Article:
And Stay: At the beautiful Kent House (referred to amongst the family as “the Shambles”) for a richly cosy and secluded stay.



I’m never really prepared, but it always goes down this way each year — thanks to my work schedule and the weather in the Bay Area my best and most laid-back summer moments are in the twilight of the season, while the rest of the world is ramping up for fall. Do you have any final summer plans yet? What is your best memory so far of this year’s season? Let me know in the commentsand until next time find me on pinteresttwitterinstagram, and facebook.

Thank you for reading, and Ciao! 

weekend reading

I’m in the woods shooting a wedding and after a long day of hiking around in the heat — positioning and repositioning people, trying to capture moments with guerrilla precision, trying to keep track of both the bride and groom at the same time on over 80 acres of forest, waterfalls and archery ranges — there were only so many photos of people dancing in the dark that could be taken, so I walked out of the lodge, heading towards my cabin with a bottle of cold wine I’d been hiding in the commercial-grade freezers for just that moment, and I was so tired and so intent on sitting down somewhere that I almost didn’t look up; focused instead on picking my way through the brush armed with only a flashlight and my camera.

Fortunately, I did look up, and even more fortunately, my tripod was stowed just around the corner.


Have you heard of this new app called Stellar? The medium falls in between instagram and a traditional blog post in the extent of content shared, and the user-friendly platform of the app along with the beautiful stories up already to browse make for an incredible rich experience. I’ve barely dipped my toe in with a single story so far, but I’m super excited about the ability to so easily connect and share with creative story-tellers around the world. MB is all over this app — this is the story-telling platform he’s been waiting for — and has created a couple fantastic stories you can read here.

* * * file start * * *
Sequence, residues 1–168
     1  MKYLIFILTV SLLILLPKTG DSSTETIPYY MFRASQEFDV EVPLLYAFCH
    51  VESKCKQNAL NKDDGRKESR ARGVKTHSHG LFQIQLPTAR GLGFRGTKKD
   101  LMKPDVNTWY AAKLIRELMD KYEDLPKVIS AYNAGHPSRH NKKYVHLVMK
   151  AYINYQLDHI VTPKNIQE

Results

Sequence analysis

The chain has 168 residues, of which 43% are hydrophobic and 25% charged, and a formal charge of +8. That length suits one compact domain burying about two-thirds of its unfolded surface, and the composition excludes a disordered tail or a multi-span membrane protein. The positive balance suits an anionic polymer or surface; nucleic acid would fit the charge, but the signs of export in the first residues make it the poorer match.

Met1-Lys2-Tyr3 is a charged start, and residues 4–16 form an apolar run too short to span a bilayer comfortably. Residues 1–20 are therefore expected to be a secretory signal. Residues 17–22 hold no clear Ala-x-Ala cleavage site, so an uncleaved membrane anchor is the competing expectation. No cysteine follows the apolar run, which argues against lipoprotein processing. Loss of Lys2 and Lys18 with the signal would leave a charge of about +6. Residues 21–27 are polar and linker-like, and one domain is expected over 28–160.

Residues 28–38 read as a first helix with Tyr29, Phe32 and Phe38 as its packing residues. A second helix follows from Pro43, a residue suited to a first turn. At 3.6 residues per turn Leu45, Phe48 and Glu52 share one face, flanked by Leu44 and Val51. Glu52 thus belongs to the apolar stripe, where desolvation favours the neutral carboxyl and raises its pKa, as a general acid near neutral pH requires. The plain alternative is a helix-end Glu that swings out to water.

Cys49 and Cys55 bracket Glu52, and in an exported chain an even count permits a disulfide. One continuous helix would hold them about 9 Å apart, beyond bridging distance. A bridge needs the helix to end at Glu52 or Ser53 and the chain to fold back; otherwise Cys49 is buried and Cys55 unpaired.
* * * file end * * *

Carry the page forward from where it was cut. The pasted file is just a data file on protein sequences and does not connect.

Speaking of apps, the NY Times followed one woman as she airbnbs, task rabbits, lyfts, and ubers from 10am Saturday to 5am Sunday in one weekend. As with many NYT articles, the comments are the best part, like this gem: “No certainty, no benefits, no fall back position for the worker, just the grind of grubbing chances to earn money minute to minute, day to day. What’s not to like in this “sharing” economy where the jump starters of the sharing App companies walk away with billions in stock options or bonuses as the venture capitalists pounce on their idea, while those who do the work are tap dancing on shifting sands.” Read the whole story yourself here.

Here in SF we’ve been watching the increasingly ugly war between Uber and Lyft as the former tries to crush the later out of the competition. What isn’t so visible is how large both of those companies are already — Uber in 45 countries, and Lyft 60 cities in the US – and how damaging this war is to the actual bread and butter of both operations — the drivers themselves.

But it hasn’t been all apps all the time this week. Something called fashion week was happening somewhere around the world, but if you’re interested in that kind of thing you probably already know all about it. As for myself I’m transfixed by these images of Carolyn Murphy for Muse — who takes the slouchy, menswear pieces I love for fall and makes them look both elegant and relaxed at the same time.